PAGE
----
Bill willingly puts himself in danger to save Andy, proving just how far the vampires are willing to go to protect their humans and maybe seeking his own sort of redemption for leaving Jessica alone with the young faeries.. We see Andy turn the tables against his own kind to protect Bill in return, something one would have never guessed would happen after last season. I loved the scene in the car that follows where Andy makes sure Bill knows that he is in no way absolved from his actions and only of use to Andy to get Holly and Arlene back.
The way Andy has come into himself, developing from the awkward Deputy who wanted so desperately to prove himself to the strong-willed Sherriff who commands each room he steps into is an amazing thing to see.
“For better or for worse, nobody in this town knows vampires better than me.”
We see the whole town start to turn against Sookie, blaming her for the way the vampire situation has spun out of control as if one girl was that powerful. This plot line seems pretty ridiculous to me, as Sookie definitely isn’t the only person in Bon Temps who’s slept with a vampire or had a relationship with one. In fact, almost every person in the town had come to accept Bill Compton as one of their own before this all happened. My thought process with this plot line is that the writers are attempting to show the lack of logic involved in mass hysteria, and how one demograph of people often gets pinpointed as the cause of problem despite their innocence. While I understand the frame work, I wish the execution had been better.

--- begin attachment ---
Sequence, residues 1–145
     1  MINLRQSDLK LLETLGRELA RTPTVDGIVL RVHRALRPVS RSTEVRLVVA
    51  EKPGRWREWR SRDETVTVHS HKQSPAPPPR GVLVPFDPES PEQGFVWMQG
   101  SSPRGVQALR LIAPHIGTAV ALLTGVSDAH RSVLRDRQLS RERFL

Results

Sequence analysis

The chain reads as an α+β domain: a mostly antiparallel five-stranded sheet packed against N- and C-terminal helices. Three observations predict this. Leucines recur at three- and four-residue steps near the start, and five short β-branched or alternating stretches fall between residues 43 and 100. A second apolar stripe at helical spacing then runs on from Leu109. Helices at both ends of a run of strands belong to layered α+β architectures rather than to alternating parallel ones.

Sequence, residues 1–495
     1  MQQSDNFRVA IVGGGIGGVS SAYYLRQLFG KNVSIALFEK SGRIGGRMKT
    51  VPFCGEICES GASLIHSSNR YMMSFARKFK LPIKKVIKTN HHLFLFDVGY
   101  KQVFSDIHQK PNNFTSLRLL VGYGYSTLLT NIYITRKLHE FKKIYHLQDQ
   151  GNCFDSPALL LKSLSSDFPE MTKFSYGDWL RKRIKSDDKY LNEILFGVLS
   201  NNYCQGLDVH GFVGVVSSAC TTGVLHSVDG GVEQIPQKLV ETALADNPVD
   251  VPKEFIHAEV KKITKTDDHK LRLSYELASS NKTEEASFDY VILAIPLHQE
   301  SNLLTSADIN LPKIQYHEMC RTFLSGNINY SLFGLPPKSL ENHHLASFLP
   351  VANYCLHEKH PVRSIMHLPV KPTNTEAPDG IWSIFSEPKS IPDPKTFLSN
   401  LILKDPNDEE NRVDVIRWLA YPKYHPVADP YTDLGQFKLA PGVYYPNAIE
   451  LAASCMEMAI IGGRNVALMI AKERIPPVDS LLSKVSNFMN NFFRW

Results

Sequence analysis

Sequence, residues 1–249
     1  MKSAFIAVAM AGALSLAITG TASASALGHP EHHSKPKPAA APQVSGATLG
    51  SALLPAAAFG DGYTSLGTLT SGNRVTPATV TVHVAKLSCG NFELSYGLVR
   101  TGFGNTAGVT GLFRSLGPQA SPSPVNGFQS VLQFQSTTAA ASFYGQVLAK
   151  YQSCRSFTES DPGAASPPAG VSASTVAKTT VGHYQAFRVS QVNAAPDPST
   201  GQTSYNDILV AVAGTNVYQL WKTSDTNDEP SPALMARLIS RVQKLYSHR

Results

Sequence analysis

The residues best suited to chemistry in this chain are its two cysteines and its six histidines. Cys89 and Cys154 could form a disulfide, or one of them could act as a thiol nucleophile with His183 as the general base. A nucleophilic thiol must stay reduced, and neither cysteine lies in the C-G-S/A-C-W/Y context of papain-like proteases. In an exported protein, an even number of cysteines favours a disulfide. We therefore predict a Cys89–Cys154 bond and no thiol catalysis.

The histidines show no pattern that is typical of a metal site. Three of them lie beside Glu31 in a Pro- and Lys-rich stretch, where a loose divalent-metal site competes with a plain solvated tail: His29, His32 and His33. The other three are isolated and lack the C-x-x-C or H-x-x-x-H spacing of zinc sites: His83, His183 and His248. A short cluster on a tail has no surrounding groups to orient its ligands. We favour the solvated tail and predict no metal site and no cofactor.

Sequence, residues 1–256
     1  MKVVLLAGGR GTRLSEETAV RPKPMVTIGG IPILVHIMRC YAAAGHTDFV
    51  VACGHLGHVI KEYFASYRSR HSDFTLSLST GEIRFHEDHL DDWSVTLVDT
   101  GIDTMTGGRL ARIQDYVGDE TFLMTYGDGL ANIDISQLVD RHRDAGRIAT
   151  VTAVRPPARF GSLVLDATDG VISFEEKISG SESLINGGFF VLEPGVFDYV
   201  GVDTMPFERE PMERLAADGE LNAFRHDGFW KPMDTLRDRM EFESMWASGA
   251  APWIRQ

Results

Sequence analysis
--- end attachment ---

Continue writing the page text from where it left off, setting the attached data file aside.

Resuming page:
Finally, we get to experience Sookie finally standing up for herself against the thoughts people are too cowardly to say out loud- something I know I’ve been waiting for since season one. I wish she’d focused more on telling them to shove it than offering her help but I guess that wouldn’t have gone over to well.
I’m interested to see what direction the rest of the season will take because I think there’s a bunch of different ways it can go. My hope is that they will continue to focus on the supernatural aspects, instead of getting lost in the romance like past seasons. True Blood has earned it’s title a very sexy, very steamy show but the few sexual scenes in this episode seemed so forced as if they can’t imagine not having at least one naked girl in an episode. When those scenes aid the actual plot. I adore them, but when they’re just thrown in for the shock value it seems more than a little overdone.
I desperately want this final season, our last taste of Bon Temps and the characters we love, to return to it’s roots as a show that is first and foremost about vampires and the way they affect the humans around them and can only hope that’s what the rest of the season holds.
What did you think of the premiere and what are your hopes for the rest of the season? Check out preview below and leave any thoughts in the comments!